Jun 3, 2008

Pasir Ris Bliss: more critters!

Besides stars and urchins, the Pasir Ris shore was also alive with all kinds of other animals!Under the scattered stones and rocks there were octopuses! I saw two of them, but just their arms sticking out from under a large rock. They seemed quite large and appeared to be the kind that we see on Changi, rather plain and smooth, unlike the more colourful ones we see on our Southern shores. The tide was very low so they weren't out hunting.

What was out hunting though, was this Tiger moon snail (Natica tigrina).Moon snails love to eat button snails. I looked and I looked (because Kok Sheng is interested in them) but didn't see any button snails, not even on the small sand bars nearer the low water mark.

The shores were lively with Flower crabs (Portunus pelagicus) of all sizes, and I saw this large Moon crab. The old scientific name of this crab is Matuta lunaris and now more and more people refer to it as Ashtoret lunaris. Here's some details from the stunning Systema Brachyurorum Part 1 by Peter Ng et. al (2008) in The Raffles Bulletin of Zoology, "an increasing number of workers have chosen to recognise ... Matutidae and Calappidae as two taxa as distinct families ... Until more work is done, we take the somewhat more conservative approach and keep the Matutidae and Calappidae in one superfamily, Calappoidea."

Quietly having little parties in small groups of two or three were lots of tiny little hermit crabs.These are probably the Tidal hermit crab (Diogenes sp.). There were not that many Striped hermit crabs (Clibanarius sp.) unlike at Changi.

Another cuddly couple was this goby and snapping shrimp!Some gobies live together with a snapping shrimp in its burrow. The more keen-eyed goby keeps a look out for danger and annoyances (such as shore explorers). Meanwhile the short-sighted snapping shrimp does the house-keeping on the burrow like a little bulldozer. It was dark and I guess they don't equate a weak torchlight with danger. But after this flash photo, they both disappeared into the burrow in a flurry of sediments.

The pools were thick with tiny little gobies. There were the usual Brown shore gobies (Drombus triangularis) and Shadow gobies (Acentrogobious nebulosus). But here is a pretty goby with little red spots whose name I don't know. Lacking a name doesn't stop us from admiring it.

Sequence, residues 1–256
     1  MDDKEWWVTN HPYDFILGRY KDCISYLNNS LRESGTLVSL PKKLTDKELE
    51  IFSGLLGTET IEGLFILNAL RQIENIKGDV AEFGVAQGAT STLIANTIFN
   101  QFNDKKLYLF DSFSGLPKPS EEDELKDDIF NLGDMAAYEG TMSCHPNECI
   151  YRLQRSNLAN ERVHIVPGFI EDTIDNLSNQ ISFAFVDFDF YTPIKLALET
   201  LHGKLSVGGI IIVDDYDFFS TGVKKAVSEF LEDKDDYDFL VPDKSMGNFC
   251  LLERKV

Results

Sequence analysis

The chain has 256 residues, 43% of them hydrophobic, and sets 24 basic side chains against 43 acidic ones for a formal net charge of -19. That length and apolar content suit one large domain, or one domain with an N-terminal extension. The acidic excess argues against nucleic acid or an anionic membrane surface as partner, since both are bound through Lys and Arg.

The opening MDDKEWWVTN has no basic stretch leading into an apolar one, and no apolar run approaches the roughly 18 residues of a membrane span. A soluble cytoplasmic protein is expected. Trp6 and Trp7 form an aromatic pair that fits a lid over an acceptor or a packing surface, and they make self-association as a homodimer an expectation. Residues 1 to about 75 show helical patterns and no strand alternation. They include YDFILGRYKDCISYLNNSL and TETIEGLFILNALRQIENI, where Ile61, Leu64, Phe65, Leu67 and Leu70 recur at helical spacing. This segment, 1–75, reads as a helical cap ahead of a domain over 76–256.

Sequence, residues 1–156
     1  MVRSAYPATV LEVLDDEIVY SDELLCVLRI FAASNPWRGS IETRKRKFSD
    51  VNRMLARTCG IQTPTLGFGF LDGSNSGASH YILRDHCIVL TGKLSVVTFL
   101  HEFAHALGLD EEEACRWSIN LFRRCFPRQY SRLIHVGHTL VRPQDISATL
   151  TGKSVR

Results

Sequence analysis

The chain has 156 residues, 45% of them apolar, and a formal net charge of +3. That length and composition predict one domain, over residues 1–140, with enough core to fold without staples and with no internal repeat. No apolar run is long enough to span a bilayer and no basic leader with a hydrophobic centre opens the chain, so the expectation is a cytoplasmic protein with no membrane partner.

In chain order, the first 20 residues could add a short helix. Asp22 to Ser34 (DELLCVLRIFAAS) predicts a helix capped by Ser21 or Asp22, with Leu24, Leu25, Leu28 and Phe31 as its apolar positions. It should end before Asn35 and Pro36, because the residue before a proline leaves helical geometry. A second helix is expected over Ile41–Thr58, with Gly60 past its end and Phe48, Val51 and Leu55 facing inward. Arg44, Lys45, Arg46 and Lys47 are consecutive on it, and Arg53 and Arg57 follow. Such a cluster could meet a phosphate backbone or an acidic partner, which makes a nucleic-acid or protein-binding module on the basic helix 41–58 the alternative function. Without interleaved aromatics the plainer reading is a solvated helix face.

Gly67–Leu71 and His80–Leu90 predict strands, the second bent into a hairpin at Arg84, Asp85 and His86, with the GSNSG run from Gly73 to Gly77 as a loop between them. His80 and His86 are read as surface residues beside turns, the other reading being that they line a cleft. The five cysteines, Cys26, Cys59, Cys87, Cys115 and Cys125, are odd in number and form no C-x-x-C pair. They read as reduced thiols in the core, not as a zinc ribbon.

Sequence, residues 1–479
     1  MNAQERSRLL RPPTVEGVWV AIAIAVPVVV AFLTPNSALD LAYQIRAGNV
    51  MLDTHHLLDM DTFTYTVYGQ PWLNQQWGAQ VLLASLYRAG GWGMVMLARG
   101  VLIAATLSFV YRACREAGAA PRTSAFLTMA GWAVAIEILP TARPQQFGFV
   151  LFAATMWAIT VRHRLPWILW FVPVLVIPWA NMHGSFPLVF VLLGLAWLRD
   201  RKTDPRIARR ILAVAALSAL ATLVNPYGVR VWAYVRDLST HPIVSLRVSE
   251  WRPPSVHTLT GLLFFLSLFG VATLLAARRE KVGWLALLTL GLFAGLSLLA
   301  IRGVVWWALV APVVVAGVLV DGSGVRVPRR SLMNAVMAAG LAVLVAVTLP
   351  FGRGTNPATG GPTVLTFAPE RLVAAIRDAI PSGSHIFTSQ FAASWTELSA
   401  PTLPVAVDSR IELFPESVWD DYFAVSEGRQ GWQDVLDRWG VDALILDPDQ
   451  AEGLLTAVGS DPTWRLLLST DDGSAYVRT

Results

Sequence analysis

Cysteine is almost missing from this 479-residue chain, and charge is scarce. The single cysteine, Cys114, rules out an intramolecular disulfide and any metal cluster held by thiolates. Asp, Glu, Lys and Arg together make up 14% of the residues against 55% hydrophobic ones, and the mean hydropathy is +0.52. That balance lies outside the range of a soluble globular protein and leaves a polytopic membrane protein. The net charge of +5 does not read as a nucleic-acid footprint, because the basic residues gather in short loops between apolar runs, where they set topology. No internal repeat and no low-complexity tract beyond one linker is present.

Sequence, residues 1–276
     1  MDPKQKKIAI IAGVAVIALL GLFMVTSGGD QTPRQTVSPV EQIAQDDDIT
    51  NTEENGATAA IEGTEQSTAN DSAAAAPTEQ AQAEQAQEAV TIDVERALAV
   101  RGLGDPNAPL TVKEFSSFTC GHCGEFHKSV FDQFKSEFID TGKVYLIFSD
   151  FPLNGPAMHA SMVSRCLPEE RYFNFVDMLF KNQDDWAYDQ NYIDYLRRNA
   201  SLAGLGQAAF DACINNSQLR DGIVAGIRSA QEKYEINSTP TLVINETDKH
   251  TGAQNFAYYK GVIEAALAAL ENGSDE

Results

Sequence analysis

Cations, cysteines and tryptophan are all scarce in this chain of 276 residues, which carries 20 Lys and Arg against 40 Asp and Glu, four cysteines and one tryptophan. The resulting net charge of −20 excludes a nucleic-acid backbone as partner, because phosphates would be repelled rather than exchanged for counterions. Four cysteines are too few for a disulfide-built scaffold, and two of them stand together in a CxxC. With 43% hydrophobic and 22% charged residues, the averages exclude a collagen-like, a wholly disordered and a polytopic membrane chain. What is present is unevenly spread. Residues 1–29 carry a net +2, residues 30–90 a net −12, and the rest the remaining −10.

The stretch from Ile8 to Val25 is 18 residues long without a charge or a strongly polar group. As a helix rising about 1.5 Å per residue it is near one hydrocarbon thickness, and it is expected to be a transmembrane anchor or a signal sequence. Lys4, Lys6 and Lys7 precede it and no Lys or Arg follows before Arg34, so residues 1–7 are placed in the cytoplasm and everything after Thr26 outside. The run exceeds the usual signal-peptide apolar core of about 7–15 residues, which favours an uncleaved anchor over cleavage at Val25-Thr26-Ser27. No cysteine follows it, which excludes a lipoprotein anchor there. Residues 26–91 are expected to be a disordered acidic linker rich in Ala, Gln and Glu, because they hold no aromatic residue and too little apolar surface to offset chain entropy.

Worms might seem icky to many, but I find marine worms quite fascinating.These fluffy worms with a double fan in trendy pink and black belong to the Phylum Phoronida. The phylum has less than 20 species! That's a really small phylum. Consider that fishes, birds, gorillas, us all belong to one Phylum Chordata. These Phoronid worms are often found with Peacock anemones (Order Ceriantharia) and indeed, this bunch was found near the bottom of a Peacock anemone that had retracted into its tube.

While bending over to take photos of sand stars, I noticed this colourful tube worm making a quick foray outside its tube.Isn't it pretty?! With iridescent body and feathery gills. OK, we got to ignore the scary tentacles on the head.

And here's a bunch of stuff sticking out of the sediments. I see this all the time and still haven't got a clue what they are.Probably the tentacles of some sort of worm. I also saw a short and small ribbon worm (Phylum Nemertea) with stripes, and of course, lots of bristleworms.

But the shore was truly teeming with tiny little sea anemones of all kinds.Thanks to having to keep bending down to measure the sand stars, I got a good look at them, even these very tiny ones!And there were two of these beautiful large sea anemones that I've not seen before. They had a inner ring of intriguing lobed structures.
I've seen something similar, but these were transparent with white markings and seen near mangroves at Kranji and at Sungei Buloh. We must bring Dr Daphne to Pasir Ris when she's next in town!

The short stretch of Pasir Ris that I went to today was mostly soft and silty with scattered rocks and stones. There wasn't much on the stones aside from a sprinkling of sponges and some seaweeds. Although there were a few tiny patches of hard corals!
This is Zebra coral (Oulastrea crispata) that is often seen on our Northern shores, but in tiny colonies.

There were also few small patches of Spoon seagrass (Halophila ovalis) with big green leaves, like the kind we see at Changi.There's much more of the shores to explore on Pasir Ris, and we must certainly find some opportunities to do so.

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